Canterbury electric eco-vehicle ready for global Eco-marathon
Ready to compete in the Shell Eco-Marathon, a team of University of Canterbury engineering students unveiled their energy-efficient fully recyclable electric car on 3 March at the Air Force Museum of New Zealand in Christchurch, in a final test drive before the event.
The Canterbury students will compete with other young people from around the world to design, build and drive the most energy-efficient car. The primary goal of the competition is not to finish first but to build a vehicle that can last the longest on as little fuel as possible.
Team faculty advisor, Bruce Robertson, said testing was showing the car was competitive.“Data collected from testing shows the car is a potential winner, but the students know that the competition in Singapore is going to be tough so there is a feeling of tense excitement building up to their departure.”
In a world first, the team’s vehicle is made entirely from thermoformed plastic sheets, including the chassis and the outer panels.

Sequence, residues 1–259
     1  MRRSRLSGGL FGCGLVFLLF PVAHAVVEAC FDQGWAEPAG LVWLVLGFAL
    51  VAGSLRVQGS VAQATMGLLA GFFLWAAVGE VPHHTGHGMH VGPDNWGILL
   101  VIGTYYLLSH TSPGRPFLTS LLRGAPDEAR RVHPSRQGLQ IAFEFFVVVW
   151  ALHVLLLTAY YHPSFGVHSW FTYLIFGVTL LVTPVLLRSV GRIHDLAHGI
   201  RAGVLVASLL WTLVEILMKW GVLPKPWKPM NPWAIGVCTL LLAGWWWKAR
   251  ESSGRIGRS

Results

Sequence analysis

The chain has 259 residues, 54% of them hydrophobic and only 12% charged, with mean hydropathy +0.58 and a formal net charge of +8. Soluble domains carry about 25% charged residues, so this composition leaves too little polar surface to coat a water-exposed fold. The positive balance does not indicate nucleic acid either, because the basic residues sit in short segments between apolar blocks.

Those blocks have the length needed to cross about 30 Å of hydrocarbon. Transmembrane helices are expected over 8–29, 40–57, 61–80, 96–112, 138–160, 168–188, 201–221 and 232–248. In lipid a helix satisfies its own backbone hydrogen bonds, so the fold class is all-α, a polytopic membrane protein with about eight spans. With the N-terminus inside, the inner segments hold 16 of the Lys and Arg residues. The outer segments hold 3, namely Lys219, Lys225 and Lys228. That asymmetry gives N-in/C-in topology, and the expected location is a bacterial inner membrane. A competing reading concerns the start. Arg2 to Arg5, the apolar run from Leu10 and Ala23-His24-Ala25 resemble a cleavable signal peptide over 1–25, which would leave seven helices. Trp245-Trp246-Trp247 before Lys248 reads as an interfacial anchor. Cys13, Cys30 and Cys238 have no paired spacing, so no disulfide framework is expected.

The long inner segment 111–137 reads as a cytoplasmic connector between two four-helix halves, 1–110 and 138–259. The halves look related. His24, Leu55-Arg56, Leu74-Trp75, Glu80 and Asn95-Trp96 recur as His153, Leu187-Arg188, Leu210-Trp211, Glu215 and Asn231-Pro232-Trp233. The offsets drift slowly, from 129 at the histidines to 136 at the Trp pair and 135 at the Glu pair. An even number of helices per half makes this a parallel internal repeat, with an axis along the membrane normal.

Shell New Zealand chairman Rob Jager says the whole point behind the Eco-marathon is to inspire engineers of the future to turn into reality their visions of sustainability and energy efficiency.
"We've been hoping for some time that a New Zealand team would participate in this competition,” he said.
This year Shell Eco-marathon Asia will welcome more than 100 teams in Singapore from March 16-19, 2017. Regional Eco-marathons will also be held in Europe and America with the world finals in London 30 June – 3 July.
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